Shawnee State University
During the first year of my journey with health care administration, I was given the opportunity working as an Ombudsman Associate with the Area Agency on Aging District 7 in Wheelersburg, Ohio. Through my internship with the Ombudsman, I witnessed problems and setbacks faced within long-term care facilities. One extreme situation I saw was the immediate shut-down of a nursing home, and residents of the home being forced to leave the night the closure was announced. Despite the closure, I was able to form bonds with residents and connect with them. By the end of the internship, I saw I helped solve a lot of problems with those living in long-term care facilities, and it empowered me to know I could assist them. The internship also allowed me to gain insight on how I could prevent issues as an administrator.
After my internship ended with the Ombudsman, I began another internship through the Give Back Go Forward program with my college, Shawnee State University, which I am completing. Through Give Back Go Forward, I have been able to meet and connect with low-income seniors living in Portsmouth, Ohio. Through our encounters, the main goal is to promote healthy eating and exercise by encouraging their attendance of a weekly congregate meal. In addition, I have bonded with the residents through bingo games, movie nights, holiday meals, etc. Being part of the program strengthened my desire to form emotional bonds with my residents and get to know them, which will be a crucial part of being an administrator; it is important for your residents to trust you as you are one of the main individuals responsible for ensuring they are happy in their final stage of life.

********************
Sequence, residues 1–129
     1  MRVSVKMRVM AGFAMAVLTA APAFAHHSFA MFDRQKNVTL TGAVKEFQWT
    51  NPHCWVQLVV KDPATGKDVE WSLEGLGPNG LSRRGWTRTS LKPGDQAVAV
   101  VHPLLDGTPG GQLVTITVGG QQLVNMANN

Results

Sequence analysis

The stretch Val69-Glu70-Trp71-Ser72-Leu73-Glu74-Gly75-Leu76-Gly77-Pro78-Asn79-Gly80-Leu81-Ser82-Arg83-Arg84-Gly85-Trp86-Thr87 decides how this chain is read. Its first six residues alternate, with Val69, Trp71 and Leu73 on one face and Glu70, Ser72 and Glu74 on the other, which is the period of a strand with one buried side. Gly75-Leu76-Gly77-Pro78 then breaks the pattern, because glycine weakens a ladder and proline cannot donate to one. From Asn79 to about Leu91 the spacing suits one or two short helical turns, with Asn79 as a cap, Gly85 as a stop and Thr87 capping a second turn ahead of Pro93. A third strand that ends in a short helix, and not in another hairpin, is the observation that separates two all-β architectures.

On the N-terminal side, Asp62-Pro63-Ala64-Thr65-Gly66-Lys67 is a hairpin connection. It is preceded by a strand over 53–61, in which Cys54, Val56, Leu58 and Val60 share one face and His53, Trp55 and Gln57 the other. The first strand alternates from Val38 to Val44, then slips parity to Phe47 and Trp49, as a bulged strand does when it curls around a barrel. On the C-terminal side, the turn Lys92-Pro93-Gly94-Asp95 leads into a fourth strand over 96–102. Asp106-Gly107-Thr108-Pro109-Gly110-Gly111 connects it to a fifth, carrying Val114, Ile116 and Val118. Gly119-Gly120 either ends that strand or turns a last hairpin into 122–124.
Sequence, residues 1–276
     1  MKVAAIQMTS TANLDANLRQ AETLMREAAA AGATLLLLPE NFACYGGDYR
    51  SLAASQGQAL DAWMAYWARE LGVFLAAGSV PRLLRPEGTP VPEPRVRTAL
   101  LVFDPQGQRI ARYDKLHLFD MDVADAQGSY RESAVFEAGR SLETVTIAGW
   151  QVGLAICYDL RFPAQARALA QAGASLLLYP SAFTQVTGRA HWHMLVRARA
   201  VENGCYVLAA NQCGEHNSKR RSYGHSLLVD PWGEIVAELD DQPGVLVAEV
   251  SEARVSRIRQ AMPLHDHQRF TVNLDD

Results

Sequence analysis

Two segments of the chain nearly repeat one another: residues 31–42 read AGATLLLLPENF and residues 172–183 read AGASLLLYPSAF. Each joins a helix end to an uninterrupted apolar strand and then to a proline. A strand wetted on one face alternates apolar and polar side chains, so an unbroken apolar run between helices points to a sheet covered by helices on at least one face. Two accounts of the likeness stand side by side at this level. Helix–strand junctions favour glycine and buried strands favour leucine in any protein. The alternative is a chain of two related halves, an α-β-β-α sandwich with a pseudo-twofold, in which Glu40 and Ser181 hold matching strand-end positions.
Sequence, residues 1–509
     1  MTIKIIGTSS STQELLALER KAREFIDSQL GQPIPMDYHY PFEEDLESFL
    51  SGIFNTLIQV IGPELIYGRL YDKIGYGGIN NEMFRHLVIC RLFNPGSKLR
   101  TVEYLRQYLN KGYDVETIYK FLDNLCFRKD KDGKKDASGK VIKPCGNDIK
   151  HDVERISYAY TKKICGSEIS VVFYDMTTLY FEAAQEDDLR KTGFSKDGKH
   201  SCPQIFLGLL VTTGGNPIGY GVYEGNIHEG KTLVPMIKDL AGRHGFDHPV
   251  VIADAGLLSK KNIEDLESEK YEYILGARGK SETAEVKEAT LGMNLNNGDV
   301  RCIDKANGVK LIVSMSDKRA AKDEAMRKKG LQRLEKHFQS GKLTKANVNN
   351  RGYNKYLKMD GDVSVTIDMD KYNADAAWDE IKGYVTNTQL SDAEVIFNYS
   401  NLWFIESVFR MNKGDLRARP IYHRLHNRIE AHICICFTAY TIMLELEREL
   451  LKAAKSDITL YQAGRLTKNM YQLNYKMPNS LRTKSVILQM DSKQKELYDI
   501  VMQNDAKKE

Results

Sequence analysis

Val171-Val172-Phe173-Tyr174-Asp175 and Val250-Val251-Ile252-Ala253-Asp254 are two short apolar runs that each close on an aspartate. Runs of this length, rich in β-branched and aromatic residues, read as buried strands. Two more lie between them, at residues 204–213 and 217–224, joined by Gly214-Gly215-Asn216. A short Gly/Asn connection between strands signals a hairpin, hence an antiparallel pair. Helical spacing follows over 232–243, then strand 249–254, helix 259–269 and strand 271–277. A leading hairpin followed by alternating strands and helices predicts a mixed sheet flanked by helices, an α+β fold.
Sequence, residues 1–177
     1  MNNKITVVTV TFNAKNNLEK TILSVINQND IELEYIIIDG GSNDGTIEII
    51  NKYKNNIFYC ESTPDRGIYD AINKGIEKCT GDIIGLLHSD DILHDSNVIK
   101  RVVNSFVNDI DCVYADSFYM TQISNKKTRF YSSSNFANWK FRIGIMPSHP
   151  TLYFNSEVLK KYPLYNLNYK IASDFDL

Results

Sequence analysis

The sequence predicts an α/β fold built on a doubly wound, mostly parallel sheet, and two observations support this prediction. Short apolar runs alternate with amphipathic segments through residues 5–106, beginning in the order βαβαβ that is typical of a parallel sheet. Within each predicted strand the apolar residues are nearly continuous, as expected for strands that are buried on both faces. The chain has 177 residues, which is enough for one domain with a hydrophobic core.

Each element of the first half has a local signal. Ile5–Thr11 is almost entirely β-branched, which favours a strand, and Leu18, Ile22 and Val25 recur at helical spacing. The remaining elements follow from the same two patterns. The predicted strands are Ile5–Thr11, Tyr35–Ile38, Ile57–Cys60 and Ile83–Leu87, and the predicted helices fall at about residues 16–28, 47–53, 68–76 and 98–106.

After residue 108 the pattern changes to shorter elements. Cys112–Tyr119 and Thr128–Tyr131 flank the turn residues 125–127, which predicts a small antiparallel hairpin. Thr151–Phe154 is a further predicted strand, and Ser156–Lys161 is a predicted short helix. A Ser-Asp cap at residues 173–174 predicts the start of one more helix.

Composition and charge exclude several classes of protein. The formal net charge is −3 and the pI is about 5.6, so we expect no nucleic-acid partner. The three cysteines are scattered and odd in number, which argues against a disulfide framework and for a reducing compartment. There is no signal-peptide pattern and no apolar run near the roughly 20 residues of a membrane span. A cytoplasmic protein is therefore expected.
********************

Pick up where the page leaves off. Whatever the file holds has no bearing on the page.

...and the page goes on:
While I thought my experiences with the Give Back Go Forward program would be cut short due to the outbreak of COVID-19, I was able to challenge myself to continue finding ways to communicate with the residents I made bonds with. Currently, I am writing letters to residents and making weekly phone calls to check in with them, ask if there is anything they need, and, ultimately, be someone they can talk to and continue connecting with.
Similarly, my time with the Ohio Scholars in Aging Program has shown me how to overcome challenges, as well. When I was first accepted into the program, there was a set schedule to be followed to ensure we would learn and participate with as much as we could. The first meetings provided me with a better understanding of various facets of caring and advocating for the well-being of older adults. Further, the meetings presented with me opportunities to meet and speak with health care professionals through speed-networking, and I was able to connect with many of the individuals on the social media platform LinkedIn and communicate even more. Once the COVID-19 outbreak happened, our meetings changed to online, but, even then, I connected with those who shared the same desire for promoting the quality of life for older adults and their value in the world. The Ohio Scholars in Aging Program has guided me further into the field of gerontology, and I am so grateful with the experience it presented me and how I will be able to utilize it in both my future internships and my own career as a nursing home administrator.